Perhaps one of the most unique items on sale from Copper Cow Coffee is their WFH Care Packages which come in two sizes: One Week Care Package (5 coffees and 5 creamers) and Two Weeks Care Package (10 coffees and 10 creamers). I am sure this will be a hit with employers who wish to show their appreciation to employees working from home.
Equator Coffees’ Chain of Well-Being states that every phase in the supply chain should be “equitable, sustainable and beneficial.”
Case in point, they have a coffee product called the World Bicycle Relief Blend which provides bicycles to needy communities where reliable transport is a benefit to all. Another example is the Honduras San Vicente Anibal Pineda, through which Equator Coffees obtains coffees from farmers who practise sustainability and conscientious cultivation. Their Sumatra Queen Ketiara Fair Trade Organic is a type of coffee provided by a co-operative that invests in its members and also ensures a fair price is paid to the farmers.
By constantly improving the roasting process and investing in energy efficient Loring Smart Roasters, Equator Coffees has also been able to reduce carbon emissions by 80% for each batch of coffee roasted.
Involvement in the Sumatran Tiger Trust
The Sumatran Tiger is listed as “Critically Endangered on the IUCN Red List of Threatened Species due to poaching, habitat loss and human-wildlife conflict.” The Kerinci Seblat National Park and the Ulu Masen and Leuser ecologies of Aceh in Sumatra are international priority zones for tiger preservation.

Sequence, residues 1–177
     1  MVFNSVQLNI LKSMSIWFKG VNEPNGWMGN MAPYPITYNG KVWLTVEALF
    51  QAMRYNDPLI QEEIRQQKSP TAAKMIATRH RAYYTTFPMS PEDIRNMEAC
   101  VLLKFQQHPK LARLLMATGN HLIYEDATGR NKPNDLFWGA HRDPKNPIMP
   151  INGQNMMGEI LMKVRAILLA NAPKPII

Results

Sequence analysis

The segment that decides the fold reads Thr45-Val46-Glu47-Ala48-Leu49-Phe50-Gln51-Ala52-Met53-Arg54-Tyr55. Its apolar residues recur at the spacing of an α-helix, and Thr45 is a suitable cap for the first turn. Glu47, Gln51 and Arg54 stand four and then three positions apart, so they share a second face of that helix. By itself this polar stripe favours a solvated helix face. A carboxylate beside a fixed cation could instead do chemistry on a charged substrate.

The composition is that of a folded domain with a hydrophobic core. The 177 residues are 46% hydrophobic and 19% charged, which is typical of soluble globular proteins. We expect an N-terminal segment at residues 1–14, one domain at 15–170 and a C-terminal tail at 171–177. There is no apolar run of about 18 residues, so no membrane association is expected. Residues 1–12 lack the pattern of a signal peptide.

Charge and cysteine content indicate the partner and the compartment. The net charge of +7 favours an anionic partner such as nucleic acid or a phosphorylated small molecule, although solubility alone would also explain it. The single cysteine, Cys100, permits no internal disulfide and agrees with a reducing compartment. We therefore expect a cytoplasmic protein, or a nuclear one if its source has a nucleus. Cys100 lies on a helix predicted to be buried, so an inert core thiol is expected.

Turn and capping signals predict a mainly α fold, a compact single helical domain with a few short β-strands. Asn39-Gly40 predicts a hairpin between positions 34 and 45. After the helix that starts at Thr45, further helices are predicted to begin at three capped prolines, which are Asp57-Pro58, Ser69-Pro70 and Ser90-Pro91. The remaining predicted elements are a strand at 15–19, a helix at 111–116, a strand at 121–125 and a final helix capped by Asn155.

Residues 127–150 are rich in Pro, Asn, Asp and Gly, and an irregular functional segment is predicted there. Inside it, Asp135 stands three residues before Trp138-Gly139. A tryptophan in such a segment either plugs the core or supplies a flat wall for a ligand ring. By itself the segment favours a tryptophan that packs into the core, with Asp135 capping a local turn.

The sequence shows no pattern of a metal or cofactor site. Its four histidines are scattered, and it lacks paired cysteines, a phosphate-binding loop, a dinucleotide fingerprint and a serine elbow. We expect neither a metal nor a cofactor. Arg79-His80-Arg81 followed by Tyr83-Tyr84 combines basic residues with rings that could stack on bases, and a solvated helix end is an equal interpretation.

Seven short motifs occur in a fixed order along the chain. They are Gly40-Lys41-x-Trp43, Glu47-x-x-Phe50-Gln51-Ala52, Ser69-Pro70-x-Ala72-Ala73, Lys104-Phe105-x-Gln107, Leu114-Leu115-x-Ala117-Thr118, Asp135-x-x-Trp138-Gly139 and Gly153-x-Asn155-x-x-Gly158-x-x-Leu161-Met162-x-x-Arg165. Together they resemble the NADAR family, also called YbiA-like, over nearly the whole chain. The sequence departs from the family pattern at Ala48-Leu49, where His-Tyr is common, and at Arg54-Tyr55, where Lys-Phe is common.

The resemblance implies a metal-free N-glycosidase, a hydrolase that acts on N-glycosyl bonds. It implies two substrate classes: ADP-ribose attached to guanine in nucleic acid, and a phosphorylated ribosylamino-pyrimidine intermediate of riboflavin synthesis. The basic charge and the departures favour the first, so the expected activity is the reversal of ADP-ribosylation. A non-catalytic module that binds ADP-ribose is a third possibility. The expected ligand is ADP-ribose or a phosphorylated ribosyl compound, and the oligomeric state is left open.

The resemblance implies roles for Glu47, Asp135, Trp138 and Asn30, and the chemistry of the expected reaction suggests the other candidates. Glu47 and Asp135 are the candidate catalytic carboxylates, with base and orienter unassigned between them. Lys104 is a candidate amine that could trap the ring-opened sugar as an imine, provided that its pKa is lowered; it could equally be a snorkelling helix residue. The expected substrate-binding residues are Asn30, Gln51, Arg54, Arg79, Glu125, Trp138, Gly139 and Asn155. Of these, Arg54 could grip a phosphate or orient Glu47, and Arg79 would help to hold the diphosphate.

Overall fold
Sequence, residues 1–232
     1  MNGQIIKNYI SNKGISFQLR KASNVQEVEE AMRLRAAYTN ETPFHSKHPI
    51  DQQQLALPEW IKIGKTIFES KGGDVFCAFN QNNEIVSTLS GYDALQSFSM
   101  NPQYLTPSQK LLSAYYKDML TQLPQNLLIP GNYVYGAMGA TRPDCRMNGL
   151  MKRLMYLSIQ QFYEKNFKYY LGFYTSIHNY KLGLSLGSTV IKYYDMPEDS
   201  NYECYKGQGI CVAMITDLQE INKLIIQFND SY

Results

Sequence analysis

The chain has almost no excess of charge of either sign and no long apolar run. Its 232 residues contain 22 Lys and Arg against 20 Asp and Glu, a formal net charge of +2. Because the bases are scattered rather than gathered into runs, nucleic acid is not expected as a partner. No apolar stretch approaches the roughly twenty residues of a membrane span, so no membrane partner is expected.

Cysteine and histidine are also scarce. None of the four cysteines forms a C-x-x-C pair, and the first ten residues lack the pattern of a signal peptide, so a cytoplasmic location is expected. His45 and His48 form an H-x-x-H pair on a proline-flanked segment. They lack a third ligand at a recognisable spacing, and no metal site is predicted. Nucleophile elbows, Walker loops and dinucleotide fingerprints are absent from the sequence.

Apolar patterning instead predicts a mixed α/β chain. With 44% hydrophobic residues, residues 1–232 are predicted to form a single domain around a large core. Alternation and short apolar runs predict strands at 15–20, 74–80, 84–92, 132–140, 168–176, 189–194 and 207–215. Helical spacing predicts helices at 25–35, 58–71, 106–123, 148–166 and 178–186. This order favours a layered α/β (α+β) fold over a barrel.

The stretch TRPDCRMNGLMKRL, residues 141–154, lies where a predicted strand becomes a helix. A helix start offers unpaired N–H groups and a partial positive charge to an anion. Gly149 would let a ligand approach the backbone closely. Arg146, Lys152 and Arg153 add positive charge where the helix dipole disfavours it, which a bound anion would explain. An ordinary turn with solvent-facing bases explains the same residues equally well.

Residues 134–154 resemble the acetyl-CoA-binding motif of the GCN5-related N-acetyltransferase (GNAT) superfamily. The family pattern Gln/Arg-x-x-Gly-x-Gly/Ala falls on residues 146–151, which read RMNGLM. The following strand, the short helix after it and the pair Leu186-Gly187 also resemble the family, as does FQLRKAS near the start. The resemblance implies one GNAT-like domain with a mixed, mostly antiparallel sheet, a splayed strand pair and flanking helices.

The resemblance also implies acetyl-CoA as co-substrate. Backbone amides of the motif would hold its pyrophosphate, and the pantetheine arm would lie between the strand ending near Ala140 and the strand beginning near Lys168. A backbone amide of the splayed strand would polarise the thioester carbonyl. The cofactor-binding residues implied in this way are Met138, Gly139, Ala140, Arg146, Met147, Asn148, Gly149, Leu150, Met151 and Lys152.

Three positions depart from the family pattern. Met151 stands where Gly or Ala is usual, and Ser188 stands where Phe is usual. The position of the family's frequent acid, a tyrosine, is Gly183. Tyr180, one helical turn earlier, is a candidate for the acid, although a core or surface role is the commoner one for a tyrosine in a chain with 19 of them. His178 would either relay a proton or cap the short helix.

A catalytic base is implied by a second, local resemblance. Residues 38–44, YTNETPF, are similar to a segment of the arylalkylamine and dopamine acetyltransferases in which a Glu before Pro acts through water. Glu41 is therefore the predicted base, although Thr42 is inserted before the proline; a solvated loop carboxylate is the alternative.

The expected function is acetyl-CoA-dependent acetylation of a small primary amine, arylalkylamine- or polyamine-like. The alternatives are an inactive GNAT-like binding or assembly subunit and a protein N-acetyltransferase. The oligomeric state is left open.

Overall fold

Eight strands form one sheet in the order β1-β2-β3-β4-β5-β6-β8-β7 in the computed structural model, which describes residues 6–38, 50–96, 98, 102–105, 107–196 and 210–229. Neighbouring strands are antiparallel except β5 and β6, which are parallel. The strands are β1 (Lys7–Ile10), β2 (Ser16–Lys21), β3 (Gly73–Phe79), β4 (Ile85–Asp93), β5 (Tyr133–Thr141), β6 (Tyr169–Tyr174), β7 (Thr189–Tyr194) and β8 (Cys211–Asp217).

The Equator Blend of coffees contributes to the Sumatran Tiger Trust which is used to protect habitats for the Sumatran Tiger by paying one year’s salary for two trained rangers (including uniform and gear).
Equator Coffees is also a Certified B Corporation and practises openness and culpability throughout the supply chain and unrestricted communication with workers and the public.
Spirit Animal Coffee was founded by Paul Gromek, who, after a few years travelling through Latin America, decided to venture into a business that provided speciality coffee. He roped his good friend Kathya Irias into the business, and Spirit Animal was born. All coffee is grown in Honduras on organic farms without using pesticides.
Why is Spirit Animal Coffee extraordinary?
1. Speciality Coffee
The grading system for speciality coffee was developed by the Speciality Coffee Association (SCA), which is a non-profit. Its worldwide membership consists of coffee growers, farmers, producers, suppliers, and baristas. All efforts and activities are carried out to render speciality coffee a profitable, justifiable and manageable business for all involved. To be graded as “specialty”, coffee must: be made from Arabica beans, be hand-picked, and score at least 80 points on the cupping scale.
2. Single Origin
This means that Spirit Animal Coffee is sourced from one geographic location, thereby upholding the taste (flavour) of the coffee.
3. Micro Lot
A micro lot consists of coffee beans grown on the same plantation, picked on the same day and processed collectively as one batch.
4. 90+ Points Cup Score
Since Spirit Animal Coffee is scored 90+ on the scoring system, the quality classification is Outstanding.
Coffee beans grown at a high elevation, in this case at 5,000 feet, take a longer time to nurture as there is less oxygen in the air. However, this longer duration allows for more nutrients to nurture in the coffee cherry resulting in a more refined taste.
Coffee beans grown in the shade are more flavourful and contain more nutrition. Farms with shade-grown coffee plants incorporate more trees and other plants, thereby, reducing soil destruction and deficiency in soil nourishment.